That is not even one of my points. I specifically said I disagree with the conspiracy websites. You wasted even more typing rebuking a point that didn't exist.

    So will the next poster care to answer the actual riddle I'm confused about: those images. Preferably with some evidence that NASA uses technology that causes Data Loss that seems like it came from MS Paint?
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  7. D H Some other guy Valued Senior Member

    What images? Are you talking about the drawings of the rovers? Of course they are drawings. What is going to take a close-up picture of the rovers? The rovers are the only active science experiments we have on the surface of Mars right now.

    Edited to add
    If you go to the raw images pages at JPL, you won't see any images with data dropout. Why are you taking the word of a woo-woo as gospel truth and doubting the work of professionals regarding dropouts and image alteration?

    Some woo-woos are quite adept at altering images and feel no compuction in doing so if the alterations prove their point. Woo-woos work on their own. Who is going to inform the media that a woo-woo is fabricating evidence?

    On the other hand, a large team of people are involved in receiving, processing, and cataloging the imagery sent back to Earth by the rovers. At least one of those team members would have talked to the media if any kind of hanky-panky was going on at JPL. "The only way three people can keep a secret is if at least two of them are dead."

    Recently, NASA did find signs of water on Mars. Did they hide this fact? No. They held a big press conference and announced it to the world.
    Last edited: Apr 22, 2007
  8. Jeremyhfht Registered Senior Member

    I'd like to point out that all of the images are hosted on the NASA websites. That's the point. That's my confusion.

    An example is this image: http://marsrovers.jpl.nasa.gov/galle...IA05018_br.jpg

    The seemingly MS painted mars rover dial.

    I'd like to know why these images are on NASA servers. Even you have said they're "fake", so why are they hosted by NASA? That's why I said "somethings amiss". Be it Data loss, or something else.

    Speaking of Data loss: http://marsrovers.jpl.nasa.gov/gallery/all/1/p/167/1P143011712ESF3221P2593L6M1.JPG

    That image in particular could use explaining. It looks like it had Free Select used on it, and "cut" in Paint. I'd also like to clarify, again, that I am Not siding with the conspiracy theorists. I'm trying to find a logical reason for this.
    Last edited: Apr 22, 2007
  9. D H Some other guy Valued Senior Member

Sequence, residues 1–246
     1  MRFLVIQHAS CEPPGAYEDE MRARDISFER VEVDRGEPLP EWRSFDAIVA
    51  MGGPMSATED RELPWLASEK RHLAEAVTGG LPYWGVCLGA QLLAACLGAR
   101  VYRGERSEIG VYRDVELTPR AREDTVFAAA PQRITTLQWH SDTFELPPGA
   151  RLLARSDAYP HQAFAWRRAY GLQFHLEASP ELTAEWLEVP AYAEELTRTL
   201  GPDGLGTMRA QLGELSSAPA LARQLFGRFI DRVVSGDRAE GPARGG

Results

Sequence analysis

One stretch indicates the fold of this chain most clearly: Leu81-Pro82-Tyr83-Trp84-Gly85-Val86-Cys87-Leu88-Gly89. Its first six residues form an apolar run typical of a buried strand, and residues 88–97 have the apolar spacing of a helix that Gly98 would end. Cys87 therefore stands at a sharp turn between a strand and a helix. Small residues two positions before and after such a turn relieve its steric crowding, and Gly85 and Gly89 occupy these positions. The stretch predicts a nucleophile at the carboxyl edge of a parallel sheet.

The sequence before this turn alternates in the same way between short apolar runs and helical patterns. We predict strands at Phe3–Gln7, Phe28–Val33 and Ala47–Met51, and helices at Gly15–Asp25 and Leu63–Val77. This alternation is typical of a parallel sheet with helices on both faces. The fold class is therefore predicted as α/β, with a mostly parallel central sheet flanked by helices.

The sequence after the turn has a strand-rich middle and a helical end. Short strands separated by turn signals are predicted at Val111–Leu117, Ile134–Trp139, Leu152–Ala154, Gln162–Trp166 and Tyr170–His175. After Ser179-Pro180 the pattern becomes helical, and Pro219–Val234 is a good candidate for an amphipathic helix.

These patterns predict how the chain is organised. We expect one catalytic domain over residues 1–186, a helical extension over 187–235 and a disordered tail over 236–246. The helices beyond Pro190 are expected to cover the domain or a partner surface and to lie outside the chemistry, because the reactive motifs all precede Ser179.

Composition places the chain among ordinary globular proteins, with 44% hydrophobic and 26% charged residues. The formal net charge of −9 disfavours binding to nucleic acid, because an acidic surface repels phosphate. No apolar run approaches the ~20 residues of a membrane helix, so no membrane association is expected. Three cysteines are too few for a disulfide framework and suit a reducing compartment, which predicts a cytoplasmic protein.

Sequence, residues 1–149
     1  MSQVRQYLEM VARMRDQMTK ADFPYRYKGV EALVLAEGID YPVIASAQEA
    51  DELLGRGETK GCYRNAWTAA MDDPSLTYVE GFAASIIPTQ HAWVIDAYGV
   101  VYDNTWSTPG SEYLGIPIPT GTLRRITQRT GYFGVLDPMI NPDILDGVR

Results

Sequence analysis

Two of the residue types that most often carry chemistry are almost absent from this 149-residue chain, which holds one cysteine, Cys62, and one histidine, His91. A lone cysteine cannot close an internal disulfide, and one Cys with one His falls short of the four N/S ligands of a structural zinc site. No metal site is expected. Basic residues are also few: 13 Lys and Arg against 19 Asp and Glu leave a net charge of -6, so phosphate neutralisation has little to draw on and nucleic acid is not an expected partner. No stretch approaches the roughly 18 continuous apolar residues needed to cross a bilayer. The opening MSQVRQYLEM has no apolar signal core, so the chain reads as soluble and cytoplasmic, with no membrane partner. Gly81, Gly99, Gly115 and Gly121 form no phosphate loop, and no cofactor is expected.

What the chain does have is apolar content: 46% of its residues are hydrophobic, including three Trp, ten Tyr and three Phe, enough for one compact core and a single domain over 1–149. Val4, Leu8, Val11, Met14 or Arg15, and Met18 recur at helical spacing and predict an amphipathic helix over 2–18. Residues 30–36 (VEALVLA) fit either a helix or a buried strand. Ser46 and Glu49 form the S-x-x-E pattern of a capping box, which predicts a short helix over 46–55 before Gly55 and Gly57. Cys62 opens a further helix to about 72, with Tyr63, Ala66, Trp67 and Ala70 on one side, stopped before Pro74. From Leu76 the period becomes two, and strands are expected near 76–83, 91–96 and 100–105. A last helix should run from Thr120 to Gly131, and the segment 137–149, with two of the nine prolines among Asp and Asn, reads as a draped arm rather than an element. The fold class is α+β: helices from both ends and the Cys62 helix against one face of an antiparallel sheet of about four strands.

Bad link. Take care when you cut and past links. You had it right in post #1, http://marsrovers.jpl.nasa.gov/gallery/press/spirit/20040108a/PIA05018_br.jpg

    If you look at the image galleries, you will see many, many images of that "seemingly MS painted mars rover dial". It is a real image. What makes you think it is fake?

    There is no "Data loss" in this image. "Data loss" has a very specific meaning. The image does look grainy. This could be caused by the camera itself or by a suboptimal onboard data compression algorithm. The data link from Mars to the Earth is very narrow. The onboard systems do a lot of work to reduce the amount of data that needs to be transmitted to Earth. Sometimes, that work results in not-so-pretty images.
  10. Jeremyhfht Registered Senior Member

    Okay, then if it's a real image, you've just agreed with conspiracy theorists. The second conspiracy website points out the color differences of when it was on mars/earth.

    Furthermore, the image looks like it was edited in paint. No real color looks like that. Had it not been on a NASA website I wouldn't have bothered, but NASA does not chuck out images like that.

    For Data Loss:
    Yes, yes there is. Had you looked on the first conspiracy website, the one with all the images, you'd find something strange. Here are three images, from the same rover, and from the same position:


    The fake horizon is what I speak of. As for the more "data-loss" type things:

    I want to know if that's what those boxes are, and if you know what technology could cause that loss. Also why that horizon was chopped up like that (there's white nothingness behind it).

    Similar images are all over the NASA websites. Also, as shown on the first conspiracy website (http://xenotechresearch.com/NASAHACK.htm), there are also images that have very sharp edges that appear to be lost data.